Take a close look; you might see flocks of sparrows with white belly plumage and slate-colored backs and wings. During this time of year, you can see dark-eyed juncos in flocks, also known as "blizzards" from evergreen forests to your backyard.
Dark-eyed juncos are also called "snowbirds" because many people believe their presence forecasts the return of winter. After nesting and raising their young in forests at higher latitudes and elevations, dark-eyed juncos arrive in flocks in many parts of the country.
Despite the nickname "snowbird", dark-eyed juncos are present in Stowe throughout the year. The climactic range of this species is quite broad. In Vermont alone, they are found at elevations ranging from 400 feet to 4,000 feet in the Green Mountains.
Dark-eyed juncos that have bred in Vermont are also joined by flocks migrating south from Canada's boreal forests, which can make them more visible in your yard. After a tiring breeding season, these birds face another challenge: surviving the winter. After the breeding season, dark-eyed juncos put aside territorial disputes to increase their chances of survival by flocking together. By this time, dark-eyed juncos also have 30% more feathers by weight compared to the summer months.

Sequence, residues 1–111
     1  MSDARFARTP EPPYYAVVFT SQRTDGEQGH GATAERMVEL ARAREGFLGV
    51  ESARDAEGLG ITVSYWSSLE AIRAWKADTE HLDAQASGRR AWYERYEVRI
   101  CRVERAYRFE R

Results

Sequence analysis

Keep an eye out for blizzards. You can often see dark-eyed juncos along woodland edges or in yards, making ticking calls as they fly in and out of bushes. These birds can spend about 65% of their time on the ground and are drab in color, so they stand out on a clean canvas of snow. The plumage of dark-eyed juncos varies between subspecies throughout North America. In Vermont, male and female dark-eyed juncos can most often be distinguished from other sparrows by their lack of streaks or stripes on the wings, back, and head.
Dark-eyed juncos use a variety of habitats in the winter. Places like Wiessner Woods, Trapp Family Forest, and Mayo Farm provide a great opportunity to witness birds and other wildlife brave the winter elements. Your support for Stowe Land Trust's conservation and stewardship efforts helps ensure that there will be "blizzards" for years to come.